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Zendesk VP of public policy and social impact Tiffany Apczynski is one of the speakers at VentureBeat’s inaugural Blueprint conference, taking place on March 5-7 in Reno, Nevada. At Blueprint, speakers including Apczynski will discuss how tech companies can create higher paying jobs across the U.S. and expand economic opportunity for all.

Headquartered in San Francisco, Zendesk is one of a number of companies that are turning to distributed teams to keep their business profitable as costs continue to rise. Zendesk has approximately 2,000 employees around the globe, including about 250 employees at their Madison, Wisconsin office.

Ahead of the conference, VentureBeat spoke to Apczynski about her work at Zendesk, where she’s overseen a number of corporate social responsibility initiatives. This interview has been edited for clarity and length.

VentureBeat: Why did Zendesk decide to open an office in Madison? 

Tiffany Apczynski: Madison was appealing because of its time zone and affordability, but most of all, because of its culture.

When we began researching cities to expand our North American presence, we knew from the get-go that the purpose of opening a second office would be to expand our customer support team and thus the coverage we could offer our customers. We needed these agents to cover an additional time zone in North America, so looking to the Midwest was critical.

Above: Tiffany Apczynski

Zendesk moved to San Francisco in 2010 and opened its office in Madison in 2014, after we had hired a few remote employees to provide the coverage we needed in that time zone to help us achieve around-the-clock support for our customers. We were impressed with the small group of employees we were able to hire, all recent graduates from the University of Madison-Wisconsin. And then once we visited Madison, it was clear that this was a city that had values and the rich culture that reminded us of San Francisco. We knew we’d continue to get a good pipeline of candidates from the university.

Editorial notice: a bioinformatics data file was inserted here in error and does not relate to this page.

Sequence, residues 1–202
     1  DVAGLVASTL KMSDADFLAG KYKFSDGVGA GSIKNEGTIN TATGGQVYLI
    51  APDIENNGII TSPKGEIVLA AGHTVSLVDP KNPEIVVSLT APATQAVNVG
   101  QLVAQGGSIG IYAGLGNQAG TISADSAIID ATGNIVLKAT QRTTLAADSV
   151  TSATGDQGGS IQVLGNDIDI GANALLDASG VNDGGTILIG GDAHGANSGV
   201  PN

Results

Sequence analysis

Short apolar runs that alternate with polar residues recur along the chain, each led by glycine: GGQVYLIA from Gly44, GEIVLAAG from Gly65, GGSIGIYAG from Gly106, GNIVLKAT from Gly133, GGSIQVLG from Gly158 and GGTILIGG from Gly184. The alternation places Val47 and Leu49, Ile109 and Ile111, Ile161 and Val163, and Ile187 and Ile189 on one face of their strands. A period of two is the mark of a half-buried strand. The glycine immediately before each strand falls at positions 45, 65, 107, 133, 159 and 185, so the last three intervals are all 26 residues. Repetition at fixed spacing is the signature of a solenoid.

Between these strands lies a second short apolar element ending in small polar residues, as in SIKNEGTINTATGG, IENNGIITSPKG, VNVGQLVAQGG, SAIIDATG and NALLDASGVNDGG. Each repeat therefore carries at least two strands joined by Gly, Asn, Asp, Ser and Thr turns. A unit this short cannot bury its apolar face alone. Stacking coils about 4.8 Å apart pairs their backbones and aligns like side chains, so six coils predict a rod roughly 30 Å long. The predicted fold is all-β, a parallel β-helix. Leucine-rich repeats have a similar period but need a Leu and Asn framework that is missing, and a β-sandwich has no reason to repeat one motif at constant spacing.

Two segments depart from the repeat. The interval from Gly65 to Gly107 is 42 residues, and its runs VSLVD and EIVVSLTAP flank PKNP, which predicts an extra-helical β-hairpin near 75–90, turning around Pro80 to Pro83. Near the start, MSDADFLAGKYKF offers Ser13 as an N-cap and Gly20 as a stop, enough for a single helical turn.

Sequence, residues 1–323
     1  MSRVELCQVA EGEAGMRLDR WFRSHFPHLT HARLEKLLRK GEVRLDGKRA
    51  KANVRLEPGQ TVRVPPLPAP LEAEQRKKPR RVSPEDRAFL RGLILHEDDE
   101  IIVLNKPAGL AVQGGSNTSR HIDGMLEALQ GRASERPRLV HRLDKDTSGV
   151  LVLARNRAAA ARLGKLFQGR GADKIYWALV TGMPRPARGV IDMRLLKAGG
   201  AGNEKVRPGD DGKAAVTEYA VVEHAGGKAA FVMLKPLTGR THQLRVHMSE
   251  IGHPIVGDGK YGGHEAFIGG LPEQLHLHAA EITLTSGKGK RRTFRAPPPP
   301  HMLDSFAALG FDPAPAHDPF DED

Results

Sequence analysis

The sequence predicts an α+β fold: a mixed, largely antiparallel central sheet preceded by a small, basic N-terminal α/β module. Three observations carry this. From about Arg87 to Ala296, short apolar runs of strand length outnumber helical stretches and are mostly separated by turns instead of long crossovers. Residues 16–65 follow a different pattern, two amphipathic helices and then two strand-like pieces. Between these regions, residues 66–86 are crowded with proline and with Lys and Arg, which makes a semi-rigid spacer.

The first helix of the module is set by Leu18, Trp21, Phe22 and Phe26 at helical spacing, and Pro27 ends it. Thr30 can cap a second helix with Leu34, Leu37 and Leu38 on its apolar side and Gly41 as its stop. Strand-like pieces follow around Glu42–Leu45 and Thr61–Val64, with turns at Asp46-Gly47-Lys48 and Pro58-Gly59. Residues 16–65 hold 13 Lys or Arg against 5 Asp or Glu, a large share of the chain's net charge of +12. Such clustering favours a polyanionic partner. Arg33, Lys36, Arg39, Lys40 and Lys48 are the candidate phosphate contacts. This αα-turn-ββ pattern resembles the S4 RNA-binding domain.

What’s more, Madison’s affordability means we can continue to grow there as a business. Even more importantly, it means our employees can thrive there. The fact that employees can afford to buy or rent homes and still have a high quality of life means that we will have better retention and less disruption in our organization.

VB: You helped draft a Community Benefits Agreement after Zendesk moved into San Francisco’s Tenderloin neighborhood. Can you tell our readers what the agreement is and how it came to be?

Apczynski: In 2011, Zendesk moved its headquarters from a cushy suite located near AT&T Park, a newly developed part of San Francisco, to the Tenderloin, one of the city’s toughest neighborhoods. We moved to the Tenderloin because real estate at the time was incredibly affordable — it was one of the most affordable neighborhoods, with several vacant multi-level office buildings. We were able to take advantage of the Mid-Market Payroll Tax Exclusion, a payroll tax break for tech companies willing to move their operations to this neighborhood and grow their workforce. It was written for Twitter and is better known as the Twitter Tax Break.